Saturday, January 14, 2012

HillFit by Chris Highcock

"Chris bridges the gap between what is enjoyable activity and what is necessary. He does it in a clear, concise manner and backs his belief with research."

Hill Fit: Strength-The Missing Element In Your Training is an Ebook by Chris Highcock. If you don't know who Chris is, you should. He's the owner/writer of the Conditioning Research Blog. It's very popular blog that examines the science around fitness, diet, exercise and some of the personalities in the fitness world.
The ebook, Hill Fit is an effort to combine one of Chris' loves, hiking, with a well rounded fitness approach. Most people will view 'activities' as self contained exercise mechanisms. They bike, swim, do Zumba, run or practice Tai Chi. The truth is that these physical pastimes fall short in certain measurable realms for complete protocols.
Chris bridges the gap between what is enjoyable activity and what is necessary. He does it in a clear, concise manner and backs his belief with research.

What I liked - The bare bones, structured approach to fitness. Simplicity and minimalism leaves little excuse not to get going and get fit.

What I didn't like - Chris is using the HIT method of training as his strength training component. I'm not a fan of this method. It does however, keep things brief and focused. Perhaps it was his intent not to overwhelm the reading with anything but simple tools that can be integrated in a sophisticated manner.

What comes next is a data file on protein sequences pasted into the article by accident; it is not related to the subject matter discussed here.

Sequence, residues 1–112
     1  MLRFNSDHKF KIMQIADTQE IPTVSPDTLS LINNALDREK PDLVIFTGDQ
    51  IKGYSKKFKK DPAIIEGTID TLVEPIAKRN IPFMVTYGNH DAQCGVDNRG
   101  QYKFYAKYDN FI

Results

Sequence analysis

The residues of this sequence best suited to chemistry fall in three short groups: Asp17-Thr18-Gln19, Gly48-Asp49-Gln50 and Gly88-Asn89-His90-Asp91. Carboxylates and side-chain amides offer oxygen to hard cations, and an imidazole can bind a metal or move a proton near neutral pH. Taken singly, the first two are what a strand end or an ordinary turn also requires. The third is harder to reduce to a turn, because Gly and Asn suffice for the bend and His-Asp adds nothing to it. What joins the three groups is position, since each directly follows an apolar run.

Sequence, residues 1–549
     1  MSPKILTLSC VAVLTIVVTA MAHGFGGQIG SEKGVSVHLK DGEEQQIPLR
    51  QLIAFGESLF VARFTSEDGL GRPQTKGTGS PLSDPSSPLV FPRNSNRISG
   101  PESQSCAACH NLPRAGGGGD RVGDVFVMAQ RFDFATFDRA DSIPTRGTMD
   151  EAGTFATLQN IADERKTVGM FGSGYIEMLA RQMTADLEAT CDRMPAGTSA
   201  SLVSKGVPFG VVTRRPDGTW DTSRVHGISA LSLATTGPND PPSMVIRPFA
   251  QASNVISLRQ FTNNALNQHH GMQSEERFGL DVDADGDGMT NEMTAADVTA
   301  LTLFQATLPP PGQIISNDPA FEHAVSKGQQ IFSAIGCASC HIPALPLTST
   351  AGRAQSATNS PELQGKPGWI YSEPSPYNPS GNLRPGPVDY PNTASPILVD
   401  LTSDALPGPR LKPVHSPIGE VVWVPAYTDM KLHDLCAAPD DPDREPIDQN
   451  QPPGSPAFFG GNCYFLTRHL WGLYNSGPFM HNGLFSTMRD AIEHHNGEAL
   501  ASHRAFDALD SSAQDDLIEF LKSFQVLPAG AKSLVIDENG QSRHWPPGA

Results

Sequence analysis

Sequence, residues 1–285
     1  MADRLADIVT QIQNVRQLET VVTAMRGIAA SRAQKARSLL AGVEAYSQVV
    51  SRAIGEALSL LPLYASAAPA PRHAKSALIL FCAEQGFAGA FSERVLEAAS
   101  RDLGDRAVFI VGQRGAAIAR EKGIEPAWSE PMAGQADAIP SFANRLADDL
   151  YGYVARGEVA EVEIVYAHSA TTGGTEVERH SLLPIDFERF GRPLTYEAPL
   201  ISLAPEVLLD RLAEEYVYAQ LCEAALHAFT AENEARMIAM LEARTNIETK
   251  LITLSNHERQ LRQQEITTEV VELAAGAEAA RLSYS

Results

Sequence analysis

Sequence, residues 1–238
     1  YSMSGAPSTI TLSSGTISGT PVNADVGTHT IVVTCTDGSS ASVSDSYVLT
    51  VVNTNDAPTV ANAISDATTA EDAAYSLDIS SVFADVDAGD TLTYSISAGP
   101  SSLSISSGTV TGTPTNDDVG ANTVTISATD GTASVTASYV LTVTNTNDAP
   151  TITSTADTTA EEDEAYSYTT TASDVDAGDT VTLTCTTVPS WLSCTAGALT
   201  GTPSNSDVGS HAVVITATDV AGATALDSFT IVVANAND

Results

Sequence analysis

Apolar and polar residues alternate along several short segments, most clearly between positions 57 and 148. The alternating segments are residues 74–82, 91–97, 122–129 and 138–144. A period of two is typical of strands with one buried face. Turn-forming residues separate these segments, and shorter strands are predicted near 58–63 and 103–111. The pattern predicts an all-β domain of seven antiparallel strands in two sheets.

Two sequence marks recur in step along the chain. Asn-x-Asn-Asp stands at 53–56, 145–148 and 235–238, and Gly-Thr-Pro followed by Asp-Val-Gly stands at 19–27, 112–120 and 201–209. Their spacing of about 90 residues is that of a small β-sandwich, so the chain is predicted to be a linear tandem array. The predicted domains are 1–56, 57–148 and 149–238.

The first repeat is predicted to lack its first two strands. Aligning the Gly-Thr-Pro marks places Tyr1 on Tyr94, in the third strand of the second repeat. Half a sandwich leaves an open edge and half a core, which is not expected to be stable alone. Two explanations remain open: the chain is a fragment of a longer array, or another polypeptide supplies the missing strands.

I'd suggest you check this Ebook out. It's available here. Click here to visit Hillfit.


Chris said...

Thanks for the review Tom. I picked an HIT approach really just to keep things simple and quick. The target is people who are already active but who need strength.

Kind regards


John D Wilson said...

You obliquely mentioned HIT. I've been confused by it myself. Even read "Body by Science" (thought the picture of a barbell deadlift was pathetic).

My biggest confusion is with the Big Five workout: seated row, seated chest press, seated pull down, seated overhead press, and seated leg press.

Looks like a lot of sitting to me!

I've a good friend who's done HIT like stuff for years. Very well to do and has lots of machines. He is also unable to help his wife carry in the groceries. Has to lie on his back to tie his shoes.

Just my $0.02

On the other hand Conditioning Research is my first stop when browsing the web for fitness!

Chris said...

Hi John.

Thanks for the comment. I recognise your name I think from my blog comments?

The focus of the book is a simple HIT style bodyweight routine for people that do not usually do any strength training...but do spend time in the outdoors. I wanted a quick efficient and safe approach.

I think Doug mcGuff has admitted that the barbell photos in BBS were not what they intended - I'd blame the editor / publisher.

As for your pal.....i think HIT can get you stronger, but as I say in the book, you still need to apply that strength to your skills be that hillwalking or picking up the shopping bags.

drop me an email chris @